ED triage systems fail in MCIs

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Why it’s important to take aim at out of the box strategies.

Triage is the most important step in increasing the survival rate in a Mass Casualty Incident (MCI). On the night of Oct. 1, 2017 in Las Vegas, triage was the key to organizing the largest surge of penetrating traumatic injuries that has ever presented to one U.S. hospital.


With hundreds of gunshot wounds presenting in under an hour, how do you find all of the needles in the haystack and then successfully resuscitate them all? I have been asked what triage system was used that fateful night.  In this three-part series, I will describe my unique triage system, which was built on the hypothesis there was no proven ED triage system that could successfully handle the 12-hour surge of large scale Penetrating MCI.


Dr. Dominique Jean Larrey is considered the innovator of triage during the Napoleonic Wars. He is credited with first stratifying patients into three categories:

  • Unlikely to live, regardless of what care they would receive
  • Likely to live, if they receive immediate care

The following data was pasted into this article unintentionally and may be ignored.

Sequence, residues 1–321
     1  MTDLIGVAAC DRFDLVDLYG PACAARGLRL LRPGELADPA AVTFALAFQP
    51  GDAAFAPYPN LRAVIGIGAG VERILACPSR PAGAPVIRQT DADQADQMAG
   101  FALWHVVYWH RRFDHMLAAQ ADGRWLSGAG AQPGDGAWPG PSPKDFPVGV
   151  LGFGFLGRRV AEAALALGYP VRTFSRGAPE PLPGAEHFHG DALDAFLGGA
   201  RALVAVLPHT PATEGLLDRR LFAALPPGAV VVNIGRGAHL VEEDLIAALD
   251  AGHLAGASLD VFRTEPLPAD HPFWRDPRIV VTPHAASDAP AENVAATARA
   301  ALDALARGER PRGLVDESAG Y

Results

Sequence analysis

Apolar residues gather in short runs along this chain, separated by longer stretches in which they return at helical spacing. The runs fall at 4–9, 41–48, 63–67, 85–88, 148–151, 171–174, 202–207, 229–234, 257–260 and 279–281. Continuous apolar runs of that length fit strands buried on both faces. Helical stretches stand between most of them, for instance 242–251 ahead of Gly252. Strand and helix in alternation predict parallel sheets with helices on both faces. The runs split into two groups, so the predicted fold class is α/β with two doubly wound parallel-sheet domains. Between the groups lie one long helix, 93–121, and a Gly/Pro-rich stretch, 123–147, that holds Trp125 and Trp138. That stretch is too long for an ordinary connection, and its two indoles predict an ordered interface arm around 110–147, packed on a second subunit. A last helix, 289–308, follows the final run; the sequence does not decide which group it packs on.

• Likely to live, even without care

In the 1980s, Hoag Hospital and Newport Beach Fire created START and the color coding tag system of black, red, yellow and green. SALT (Sort, Assess, Lifesaving Intervention, Transportation/Treat) added the sorting methods of walk, wave and still. SALT also added the pre-hospital interventions: major hemorrhage control, open airway, chest decompression and antidotes.


In response to increased active shooters and terrorist attacks, The Hartford Consensus II (THC II) laid out further guidelines to the public, law enforcement and fire/EMS on treatment and triage in a MCI. These are all pre-hospital strategies with some components of early hospital care. What’s missing is an exact template for what should you do at the hospital. More importantly, these methods continue the centuries old belief that gray tags do not have a chance at resuscitation in a MCI.

Existing PreHospital and ED Triage Systems

There are triage systems designed for the ER. There is the tried and true nursing ESI triage that sorts patients using vital signs and a brief history. But ESI is designed for normal ER operations, not a MCI.  SALT/START are pre-hospital triage methods that EMS uses to handle the surge of patients on scene. The Army Method (Mass Casualty and Triage Chapter) uses triage decision making on vital signs, pattern of injury and response to initial resuscitation. The Abbreviated Injury System (AIS) is a system that stratifies injuries into six categories while Injury Severity Score (ISS) is a scoring system used to predict the probability of death. The Australian Triage Scale (ATS) stratifies patients into five categories requiring care at different intervals from immediate to delayed at 120 minutes.